Emotions such as worry or anxiety are often stimulated by experiencing a disaster and may lead to investment in protective measures during the immediate post-event period, but these feelings tend to fade quickly over time. Many homeowners voluntarily purchase flood insurance after suffering damage, but then may decide not to renew their policy if they have not experienced another disaster because they feel they have wasted the money they spent on their premium. They treat insurance as an investment rather than as a protective measure (Slovic et al., 1977). Individuals would rather invest in a new TV where they will experience immediate pleasure once they connect the appliance.


People tend to believe that they are immune from threats with severe impacts that have a low probability of occurrence. We perceive the likelihood of a specific event based on our own personal experiences rather than on statistical data (Slovic, 2000). It is hard to imagine a flood inundating our home or having our roof detached by strong winds until after we have experienced such a disaster. There is thus a tendency to underweight the probability of a disaster if one has not recently experienced the event (Hertwig et al., 2004). This behavior, due to the availability bias, has been observed and tested in a large number of controlled experiments and field studies (Tversky & Kahneman, 1973).


A principal reason why we do not undertake protective measures to reduce future losses is that we often prefer to stick with the status quo rather than forging new paths of action. It saves us both time and energy by not having to collect information on the costs and benefits of new alternatives (Samuelson & Zeckhauser, 1988). Sticking with the current state of affairs is the easy option in situations of uncertainty, as illustrated by such aphorisms as ‘better the devil you know than the devil you don't’ and ‘when in doubt, do nothing’.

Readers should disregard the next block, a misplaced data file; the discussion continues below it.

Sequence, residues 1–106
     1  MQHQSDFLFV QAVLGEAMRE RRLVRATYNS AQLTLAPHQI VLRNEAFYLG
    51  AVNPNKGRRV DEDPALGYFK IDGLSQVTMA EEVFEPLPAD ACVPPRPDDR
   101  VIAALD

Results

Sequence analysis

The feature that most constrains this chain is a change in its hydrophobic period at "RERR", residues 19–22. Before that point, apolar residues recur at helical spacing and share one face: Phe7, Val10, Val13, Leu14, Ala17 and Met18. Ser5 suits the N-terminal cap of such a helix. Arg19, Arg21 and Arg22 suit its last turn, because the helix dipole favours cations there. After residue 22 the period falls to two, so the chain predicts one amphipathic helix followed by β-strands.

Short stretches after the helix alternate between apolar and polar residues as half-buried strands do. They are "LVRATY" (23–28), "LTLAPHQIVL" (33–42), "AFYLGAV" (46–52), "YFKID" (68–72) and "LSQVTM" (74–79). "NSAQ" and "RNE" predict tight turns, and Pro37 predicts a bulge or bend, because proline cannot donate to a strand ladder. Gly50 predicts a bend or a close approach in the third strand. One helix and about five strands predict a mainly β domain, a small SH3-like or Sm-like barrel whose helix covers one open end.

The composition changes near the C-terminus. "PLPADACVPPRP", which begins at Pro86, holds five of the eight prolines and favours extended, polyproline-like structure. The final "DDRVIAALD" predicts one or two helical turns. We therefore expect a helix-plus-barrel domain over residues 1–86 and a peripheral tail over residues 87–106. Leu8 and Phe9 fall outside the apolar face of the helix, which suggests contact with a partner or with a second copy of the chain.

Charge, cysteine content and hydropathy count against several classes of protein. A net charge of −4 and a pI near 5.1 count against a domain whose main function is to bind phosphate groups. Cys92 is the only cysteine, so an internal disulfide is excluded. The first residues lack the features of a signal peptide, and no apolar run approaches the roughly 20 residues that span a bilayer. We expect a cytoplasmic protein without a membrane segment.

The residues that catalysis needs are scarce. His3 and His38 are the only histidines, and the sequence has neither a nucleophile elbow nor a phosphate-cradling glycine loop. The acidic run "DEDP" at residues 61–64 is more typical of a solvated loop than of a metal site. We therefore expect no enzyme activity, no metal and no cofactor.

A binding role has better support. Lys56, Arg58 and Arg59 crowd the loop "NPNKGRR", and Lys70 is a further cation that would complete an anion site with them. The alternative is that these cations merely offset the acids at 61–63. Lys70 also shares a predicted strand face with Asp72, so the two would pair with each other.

Individuals are likely to make choices by focusing on either the low probability of a disaster occurring or its potential consequences. There is a tendency for some to view the event's likelihood as below their threshold level of concern; others focus on the consequences without considering the probability of its occurrence. With respect to insurance purchase, McClelland et al. (1993) in a controlled experiment found a bi-modal distribution with respect to the willingness to pay for coverage when the probability of a loss was 1 in 100. Most individuals (88%) either dismissed the likelihood of the event occurring, by either bidding zero dollars for insurance or bidding considerably more than the expected loss because they were worried about the consequences of the disaster.


Individuals’ choices are often influenced by other people's behavior, especially under conditions of uncertainty. The instinct to follow the herd goes awry when the collective crowd is no better informed than the least informed of its individual members. To illustrate how herding plays a role in protection against adverse events, several studies provide insights into the decision not to purchase disaster insurance. A 2013 study of the factors that caused Queenslanders to buy flood insurance found that ownership was unrelated to perceptions of the probability of floods, but highly correlated with whether residents believed there was a social norm for the insurance (Lo, 2013). In an earlier survey of homeowners in flood- and earthquake-prone areas, one of the most important factors determining whether a homeowner purchased earthquake or flood insurance was discussions with friends and neighbors rather than considering the perceived likelihood and consequences of a future disaster occurring (Kunreuther et al., 1978).

Guiding principles for insurance to encourage protective measures